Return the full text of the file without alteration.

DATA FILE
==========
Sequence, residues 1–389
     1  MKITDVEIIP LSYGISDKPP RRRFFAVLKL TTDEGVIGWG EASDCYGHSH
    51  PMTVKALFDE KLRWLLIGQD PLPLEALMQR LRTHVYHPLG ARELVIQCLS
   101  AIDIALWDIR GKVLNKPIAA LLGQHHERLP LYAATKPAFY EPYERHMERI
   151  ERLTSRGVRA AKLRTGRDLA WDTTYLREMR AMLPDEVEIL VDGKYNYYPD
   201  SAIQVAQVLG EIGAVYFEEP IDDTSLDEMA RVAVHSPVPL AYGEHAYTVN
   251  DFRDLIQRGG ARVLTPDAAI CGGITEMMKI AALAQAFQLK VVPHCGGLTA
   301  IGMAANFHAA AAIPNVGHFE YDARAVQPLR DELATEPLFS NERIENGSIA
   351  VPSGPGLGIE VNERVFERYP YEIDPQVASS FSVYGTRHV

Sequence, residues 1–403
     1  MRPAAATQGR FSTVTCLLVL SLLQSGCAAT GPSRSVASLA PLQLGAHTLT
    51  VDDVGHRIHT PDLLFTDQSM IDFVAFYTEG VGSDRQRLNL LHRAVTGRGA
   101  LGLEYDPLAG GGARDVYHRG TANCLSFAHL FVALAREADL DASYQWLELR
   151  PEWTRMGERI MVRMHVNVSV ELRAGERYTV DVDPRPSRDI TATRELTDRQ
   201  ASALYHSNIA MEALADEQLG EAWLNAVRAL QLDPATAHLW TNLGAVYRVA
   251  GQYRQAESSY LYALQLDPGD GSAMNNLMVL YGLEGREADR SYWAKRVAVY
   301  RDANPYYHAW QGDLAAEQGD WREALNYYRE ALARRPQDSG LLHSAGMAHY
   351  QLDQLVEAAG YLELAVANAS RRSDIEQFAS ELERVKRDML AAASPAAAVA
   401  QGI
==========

Sequence, residues 1–389
     1  MKITDVEIIP LSYGISDKPP RRRFFAVLKL TTDEGVIGWG EASDCYGHSH
    51  PMTVKALFDE KLRWLLIGQD PLPLEALMQR LRTHVYHPLG ARELVIQCLS
   101  AIDIALWDIR GKVLNKPIAA LLGQHHERLP LYAATKPAFY EPYERHMERI
   151  ERLTSRGVRA AKLRTGRDLA WDTTYLREMR AMLPDEVEIL VDGKYNYYPD
   201  SAIQVAQVLG EIGAVYFEEP IDDTSLDEMA RVAVHSPVPL AYGEHAYTVN
   251  DFRDLIQRGG ARVLTPDAAI CGGITEMMKI AALAQAFQLK VVPHCGGLTA
   301  IGMAANFHAA AAIPNVGHFE YDARAVQPLR DELATEPLFS NERIENGSIA
   351  VPSGPGLGIE VNERVFERYP YEIDPQVASS FSVYGTRHV

Sequence, residues 1–403
     1  MRPAAATQGR FSTVTCLLVL SLLQSGCAAT GPSRSVASLA PLQLGAHTLT
    51  VDDVGHRIHT PDLLFTDQSM IDFVAFYTEG VGSDRQRLNL LHRAVTGRGA
   101  LGLEYDPLAG GGARDVYHRG TANCLSFAHL FVALAREADL DASYQWLELR
   151  PEWTRMGERI MVRMHVNVSV ELRAGERYTV DVDPRPSRDI TATRELTDRQ
   201  ASALYHSNIA MEALADEQLG EAWLNAVRAL QLDPATAHLW TNLGAVYRVA
   251  GQYRQAESSY LYALQLDPGD GSAMNNLMVL YGLEGREADR SYWAKRVAVY
   301  RDANPYYHAW QGDLAAEQGD WREALNYYRE ALARRPQDSG LLHSAGMAHY
   351  QLDQLVEAAG YLELAVANAS RRSDIEQFAS ELERVKRDML AAASPAAAVA
   401  QGI